“In my experience, high heels are the shoe that has wreaked the most havoc on our patients over the years,” Dr. Hayes explains. “I understand some people need to wear heels for work, but no workplace wants to disable its employees. Today’s healthy options are much more fashionable than they were 10 or even 5 years ago.”
 

6 shoe shopping tips

  1. Shop for shoes after exercise or in the afternoon when your feet have naturally expanded.
  2. Get both feet measured every time as they change over time (an almost always after pregnancy). Buy a size appropriate for the larger foot if they are different sizes.
  3. Wear the same type of socks to the store that you intend to wear with the shoes – e.g. If you’re buying athletic shoes don’t wear thin dress socks.
  4. Find shoes that fit correctly now. Shoes should not need to be “broken in” to accommodate your foot comfortably. A good shoe store clerk should be able to help with this, but in their absence:
  • Make sure the width is adequate – ask for a wider size if necessary.
  • Do the wiggle test – can you move your toes?
  • There should be about ½ inch between your longest toe and the end of the shoe when standing. This allows for your foot to press forward as you walk.
  • Is your heel slipping? The shoe is not a good fit if your heel comes up.
  1. Check the soles – are they sturdy, grippy? See how they feel on carpet and hard surfaces. If the soles are slick but still supportive, consider scuffing them on a rough surface (like concrete) before wearing. No one will see the bottom and you’ll reduce the risk of slipping.
  2. Take them for a test drive – e.g. Walk and or jog around the store to see how they feel.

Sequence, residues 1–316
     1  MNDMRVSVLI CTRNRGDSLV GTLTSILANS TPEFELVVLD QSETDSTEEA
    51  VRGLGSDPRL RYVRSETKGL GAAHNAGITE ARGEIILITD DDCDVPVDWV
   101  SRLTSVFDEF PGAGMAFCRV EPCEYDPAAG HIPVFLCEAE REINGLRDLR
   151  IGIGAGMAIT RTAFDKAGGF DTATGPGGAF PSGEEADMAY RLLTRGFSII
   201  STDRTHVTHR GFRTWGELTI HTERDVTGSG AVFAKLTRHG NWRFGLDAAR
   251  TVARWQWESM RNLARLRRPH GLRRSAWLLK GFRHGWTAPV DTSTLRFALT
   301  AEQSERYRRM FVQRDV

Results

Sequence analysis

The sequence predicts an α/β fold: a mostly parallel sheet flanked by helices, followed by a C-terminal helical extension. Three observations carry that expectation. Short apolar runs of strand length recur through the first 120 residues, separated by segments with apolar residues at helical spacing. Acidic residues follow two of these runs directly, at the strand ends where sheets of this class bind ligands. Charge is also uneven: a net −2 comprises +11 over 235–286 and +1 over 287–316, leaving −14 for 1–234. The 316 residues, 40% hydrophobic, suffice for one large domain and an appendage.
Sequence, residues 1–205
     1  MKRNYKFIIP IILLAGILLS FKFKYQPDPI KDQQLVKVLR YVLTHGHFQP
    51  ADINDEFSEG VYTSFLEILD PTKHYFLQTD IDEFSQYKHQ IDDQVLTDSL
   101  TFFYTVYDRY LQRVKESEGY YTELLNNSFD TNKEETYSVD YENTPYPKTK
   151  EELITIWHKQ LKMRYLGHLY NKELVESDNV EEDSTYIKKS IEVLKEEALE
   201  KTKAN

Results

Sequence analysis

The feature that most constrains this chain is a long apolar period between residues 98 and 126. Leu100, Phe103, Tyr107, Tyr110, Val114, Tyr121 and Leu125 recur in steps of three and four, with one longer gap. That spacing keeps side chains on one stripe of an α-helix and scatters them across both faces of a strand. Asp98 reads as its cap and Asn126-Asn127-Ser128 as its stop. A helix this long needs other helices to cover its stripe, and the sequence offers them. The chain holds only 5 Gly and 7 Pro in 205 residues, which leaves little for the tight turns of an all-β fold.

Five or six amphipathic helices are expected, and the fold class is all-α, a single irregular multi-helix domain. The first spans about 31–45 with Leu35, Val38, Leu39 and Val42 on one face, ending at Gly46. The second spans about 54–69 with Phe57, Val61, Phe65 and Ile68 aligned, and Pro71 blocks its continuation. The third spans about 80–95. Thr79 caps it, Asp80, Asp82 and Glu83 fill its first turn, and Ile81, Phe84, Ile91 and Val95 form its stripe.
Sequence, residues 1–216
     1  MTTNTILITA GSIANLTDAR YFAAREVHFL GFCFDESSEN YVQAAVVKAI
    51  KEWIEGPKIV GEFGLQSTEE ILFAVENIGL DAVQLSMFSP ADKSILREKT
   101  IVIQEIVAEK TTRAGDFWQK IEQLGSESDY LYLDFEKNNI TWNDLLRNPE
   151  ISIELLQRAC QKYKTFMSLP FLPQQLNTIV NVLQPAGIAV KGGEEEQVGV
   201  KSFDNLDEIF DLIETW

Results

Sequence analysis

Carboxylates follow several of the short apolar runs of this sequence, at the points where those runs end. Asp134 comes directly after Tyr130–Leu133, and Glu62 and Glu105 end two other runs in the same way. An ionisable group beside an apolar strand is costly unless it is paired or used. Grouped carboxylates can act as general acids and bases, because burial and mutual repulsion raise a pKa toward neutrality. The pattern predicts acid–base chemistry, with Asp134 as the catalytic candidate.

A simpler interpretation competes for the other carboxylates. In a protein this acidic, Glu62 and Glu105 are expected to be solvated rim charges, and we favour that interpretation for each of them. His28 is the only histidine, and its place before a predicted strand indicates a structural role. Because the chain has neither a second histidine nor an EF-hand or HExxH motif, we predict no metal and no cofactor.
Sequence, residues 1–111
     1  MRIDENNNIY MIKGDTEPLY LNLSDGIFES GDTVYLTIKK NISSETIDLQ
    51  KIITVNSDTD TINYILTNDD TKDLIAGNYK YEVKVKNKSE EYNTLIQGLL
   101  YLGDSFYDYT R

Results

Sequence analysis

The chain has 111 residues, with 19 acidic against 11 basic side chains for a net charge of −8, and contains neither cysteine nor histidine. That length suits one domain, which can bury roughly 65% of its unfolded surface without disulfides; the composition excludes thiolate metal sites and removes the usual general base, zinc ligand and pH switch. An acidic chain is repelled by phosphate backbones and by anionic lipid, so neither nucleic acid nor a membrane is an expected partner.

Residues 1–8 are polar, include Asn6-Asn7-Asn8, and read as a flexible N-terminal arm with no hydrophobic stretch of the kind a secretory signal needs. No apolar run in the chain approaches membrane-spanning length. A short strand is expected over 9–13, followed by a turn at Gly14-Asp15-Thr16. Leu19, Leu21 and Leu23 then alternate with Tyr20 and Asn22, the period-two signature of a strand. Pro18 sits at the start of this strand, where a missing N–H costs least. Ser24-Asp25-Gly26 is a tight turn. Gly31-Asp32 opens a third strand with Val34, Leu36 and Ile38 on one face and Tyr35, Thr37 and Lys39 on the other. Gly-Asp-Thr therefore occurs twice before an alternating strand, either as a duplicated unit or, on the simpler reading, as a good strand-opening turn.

RELATED: Getting to the bottom of shin splints.

Pick the right shoe for the job

You can get away with wearing a flip flop down to the beach, but you shouldn’t spend a day at the amusement park in them. The chance of injury increases if your shoes are not designed for your activity or the conditions.

Walking

Look for a lightweight shoe and extra shock absorption in the heel and under the ball of your foot. These features may help reduce heel pain, burning or tenderness in the ball of your foot.

Running

Look for shock absorption and good torsional strength (meaning the shoe shouldn’t twist easily). These features may help protect against shin splints, tendonitis, heel pain, stress fractures and other overuse injuries.
 

Working 

Folks who work on their feet all day — healthcare workers, food servers, construction workers, etc. — need it all. Good arch support, a deep heel cup and a thick, shock-absorbing sole. 

Shoes can correct foot position

If you have flat feet, your feet overpronate (rolls inward during movement more than 15%), you have trouble with plantar fasciitis (heel pain) or if you have arthritis in your lower limbs, shoes with maximal support will feel better. These shoes have built in motion control from a rigid elevated arch and help limit pronation. They tend to have stiff soles.

 

RELATED: Life-Changing Foot Surgery

Your best ally when looking for a good shoe – versus a bad shoe – is a knowledgeable shoe salesman. “When my patients need more supportive footwear, I refer them to A Proper Fit or Reno Running Company,” says Dr. Hayes. “The staff understands fit and there is a wide selection of shoes for a variety of activities that support foot health.”

Is this article a day late and a dollar short for you? If you’re looking to alleviate chronic foot, shin, ankle or back pain, contact Great Basin Orthopaedics. Our surgeons and physical therapists have the skill and understanding to treat your injury and get you back to life.

 

Sources
https://www.health.harvard.edu/staying-healthy/10-tips-for-finding-the-r...

https://www.betterhealth.vic.gov.au/health/HealthyLiving/Choosing-the-right-shoe

https://www.verywellhealth.com/choosing-the-right-athletic-shoes-for-your-feet-1337768

https://www.webmd.com/pain-management/ss/slideshow-worst-shoes-for-your-...